According to this study, researchers described about the S-point and report cases of severe epistaxis originating from it. As the introduction of nasal endoscopy into the field of Otorhinolaryngology, the treatment paradigm for cases of severe epistaxis has shifted toward early and precise identification of the bleeding site.

Although severe epistaxis is usually considered to arise from posterior bleeding, an arterial vascular pedicle in the superior portion of the nasal septum, around the middle turbinate axilla projection, frequently has been observed. That vascular pedicle was named the S-point. Epistaxis is one of the most common emergencies in otorhinolaryngology practice.

It is extremely common in the general population; however, it is estimated that only 10% of affected individuals seek medical care, because it is usually benign and self-limited.Severe epistaxis, that is potentially life-threatening and requires immediate and urgent treatment, is less common, but its occurrence in specialized Otorhinolaryngology services can comprise up to 4% of the cases.

The surgical treatment of severe epistaxis has evolved from heroic measures, such as external carotid artery ligation, to procedures that increasingly value the accurate identification and control of the bleeding point. Endoscopic cauterization of the sphenopalatine artery is currently the most commonly performed surgical procedure in the treatment of severe epistaxis, and the use of endoscopes has allowed the surgical technique refinement to increase procedural efficacy.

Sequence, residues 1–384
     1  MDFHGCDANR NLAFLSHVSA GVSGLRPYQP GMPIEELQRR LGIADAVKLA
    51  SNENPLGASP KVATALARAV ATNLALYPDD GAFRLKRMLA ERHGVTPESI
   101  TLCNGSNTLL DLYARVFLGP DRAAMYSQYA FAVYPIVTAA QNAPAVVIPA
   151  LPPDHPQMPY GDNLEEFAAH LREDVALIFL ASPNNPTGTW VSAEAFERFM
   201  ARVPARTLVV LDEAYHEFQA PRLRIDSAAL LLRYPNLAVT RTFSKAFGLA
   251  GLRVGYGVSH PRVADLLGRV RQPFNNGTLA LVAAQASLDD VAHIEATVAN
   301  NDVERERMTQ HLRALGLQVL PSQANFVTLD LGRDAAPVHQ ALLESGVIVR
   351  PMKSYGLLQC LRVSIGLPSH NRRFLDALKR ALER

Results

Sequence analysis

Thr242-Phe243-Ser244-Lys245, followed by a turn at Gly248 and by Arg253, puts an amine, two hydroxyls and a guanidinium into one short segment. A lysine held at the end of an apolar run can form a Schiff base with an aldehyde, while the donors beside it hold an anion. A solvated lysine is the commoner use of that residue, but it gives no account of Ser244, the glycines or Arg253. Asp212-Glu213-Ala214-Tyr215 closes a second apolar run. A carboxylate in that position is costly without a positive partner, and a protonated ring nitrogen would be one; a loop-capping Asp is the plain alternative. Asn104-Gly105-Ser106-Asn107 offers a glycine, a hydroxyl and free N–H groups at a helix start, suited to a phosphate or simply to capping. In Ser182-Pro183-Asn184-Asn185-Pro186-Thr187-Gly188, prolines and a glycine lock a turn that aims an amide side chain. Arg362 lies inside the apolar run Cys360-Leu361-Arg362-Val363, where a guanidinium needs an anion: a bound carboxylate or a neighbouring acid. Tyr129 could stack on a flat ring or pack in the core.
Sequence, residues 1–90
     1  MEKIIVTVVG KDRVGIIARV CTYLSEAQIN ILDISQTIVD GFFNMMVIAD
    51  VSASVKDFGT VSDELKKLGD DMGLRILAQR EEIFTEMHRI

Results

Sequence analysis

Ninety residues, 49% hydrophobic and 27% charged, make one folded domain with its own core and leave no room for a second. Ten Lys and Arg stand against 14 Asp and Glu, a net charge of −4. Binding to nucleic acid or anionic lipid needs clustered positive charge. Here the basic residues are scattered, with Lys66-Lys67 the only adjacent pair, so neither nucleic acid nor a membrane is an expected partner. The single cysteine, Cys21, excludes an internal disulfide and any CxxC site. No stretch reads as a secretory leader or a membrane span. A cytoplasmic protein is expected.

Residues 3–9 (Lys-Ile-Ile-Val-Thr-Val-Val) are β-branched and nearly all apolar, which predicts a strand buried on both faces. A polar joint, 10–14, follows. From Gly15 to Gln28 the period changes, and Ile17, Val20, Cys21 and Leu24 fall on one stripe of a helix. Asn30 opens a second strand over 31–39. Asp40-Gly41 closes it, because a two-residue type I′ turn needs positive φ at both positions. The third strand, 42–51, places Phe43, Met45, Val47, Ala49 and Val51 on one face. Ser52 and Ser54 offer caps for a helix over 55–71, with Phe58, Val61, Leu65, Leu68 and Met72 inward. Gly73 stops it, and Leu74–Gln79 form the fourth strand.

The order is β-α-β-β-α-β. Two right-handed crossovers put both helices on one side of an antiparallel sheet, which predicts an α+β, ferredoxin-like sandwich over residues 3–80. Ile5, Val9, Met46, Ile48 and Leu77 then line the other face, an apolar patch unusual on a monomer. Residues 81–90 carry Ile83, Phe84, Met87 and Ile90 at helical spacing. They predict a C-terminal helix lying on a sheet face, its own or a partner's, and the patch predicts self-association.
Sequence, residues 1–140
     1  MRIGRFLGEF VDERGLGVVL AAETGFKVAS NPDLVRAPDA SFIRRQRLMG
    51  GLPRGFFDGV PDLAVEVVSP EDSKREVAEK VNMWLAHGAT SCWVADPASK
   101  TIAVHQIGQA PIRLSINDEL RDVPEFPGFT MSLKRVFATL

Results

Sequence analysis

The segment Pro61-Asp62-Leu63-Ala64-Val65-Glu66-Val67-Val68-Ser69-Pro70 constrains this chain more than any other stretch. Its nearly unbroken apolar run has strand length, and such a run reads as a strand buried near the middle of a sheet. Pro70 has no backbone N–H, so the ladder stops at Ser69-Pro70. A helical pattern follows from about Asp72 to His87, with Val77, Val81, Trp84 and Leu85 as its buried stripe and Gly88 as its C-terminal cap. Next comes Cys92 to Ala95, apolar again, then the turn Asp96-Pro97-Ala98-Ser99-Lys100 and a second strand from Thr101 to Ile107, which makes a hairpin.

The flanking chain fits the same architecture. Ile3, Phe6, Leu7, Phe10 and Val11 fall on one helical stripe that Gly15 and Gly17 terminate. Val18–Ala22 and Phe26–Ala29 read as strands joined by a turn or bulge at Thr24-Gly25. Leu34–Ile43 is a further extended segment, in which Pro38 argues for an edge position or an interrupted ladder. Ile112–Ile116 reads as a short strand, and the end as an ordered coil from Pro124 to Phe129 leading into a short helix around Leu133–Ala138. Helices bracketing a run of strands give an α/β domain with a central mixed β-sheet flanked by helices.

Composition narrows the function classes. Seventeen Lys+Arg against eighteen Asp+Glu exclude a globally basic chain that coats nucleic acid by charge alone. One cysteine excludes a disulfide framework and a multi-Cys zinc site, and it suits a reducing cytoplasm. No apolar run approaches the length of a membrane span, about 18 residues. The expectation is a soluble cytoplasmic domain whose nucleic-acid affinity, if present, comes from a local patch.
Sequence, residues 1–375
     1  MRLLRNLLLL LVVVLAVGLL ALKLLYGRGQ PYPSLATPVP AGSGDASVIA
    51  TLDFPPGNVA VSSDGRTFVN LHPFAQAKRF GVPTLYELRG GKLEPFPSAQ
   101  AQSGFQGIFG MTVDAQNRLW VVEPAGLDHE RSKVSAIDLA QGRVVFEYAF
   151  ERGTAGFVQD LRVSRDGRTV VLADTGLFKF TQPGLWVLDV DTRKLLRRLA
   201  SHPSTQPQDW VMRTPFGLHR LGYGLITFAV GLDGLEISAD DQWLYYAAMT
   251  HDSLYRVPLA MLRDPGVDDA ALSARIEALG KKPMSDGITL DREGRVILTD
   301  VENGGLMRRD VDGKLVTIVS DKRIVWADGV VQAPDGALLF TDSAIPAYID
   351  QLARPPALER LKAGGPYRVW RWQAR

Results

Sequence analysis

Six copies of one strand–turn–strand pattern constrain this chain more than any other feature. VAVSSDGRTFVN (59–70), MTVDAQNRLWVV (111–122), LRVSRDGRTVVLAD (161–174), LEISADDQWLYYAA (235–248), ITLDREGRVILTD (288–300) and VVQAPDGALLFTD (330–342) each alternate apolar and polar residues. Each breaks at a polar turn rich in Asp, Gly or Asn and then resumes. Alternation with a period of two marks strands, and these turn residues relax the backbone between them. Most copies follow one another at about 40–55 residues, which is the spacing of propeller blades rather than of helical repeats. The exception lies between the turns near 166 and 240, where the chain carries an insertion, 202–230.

The popularization of nasal endoscopy has encouraged the active search for the bleeding point, previously restricted to the Kiesselbach's plexus, now with the possibility of identifying posterior bleeding points in the nasal cavity. Therefore, nasal endoscopy has resulted in an important change in paradigm regarding the treatment of severe epistaxis.

There is much controversy about the location of severe bleeding cases, perhaps due to the lack of standardization in their search. Authors identified the lateral nasal wall as the main site of bleeding, with the upper nasal septum accounting for only 16.3% of the cases. 

They identified the nasal septum as the main site of severe posterior bleeding (46.6%); however, their study only identified an anterior or posterior location of bleeding, and did not report whether the bleeding was superior. One factor is crucial: without using the endoscope, the bleeding point might not be in half of the cases.

The S-point was informed as the source of bleeding in severe epistaxis. Nine cases of severe epistaxis with their respective origin and their effective treatment only with electrical cauterization of the S-point were reported. The dissemination of S-point knowledge as one cause of severe bleeding may increase the success of surgical treatment of epistaxis and decrease its morbidity.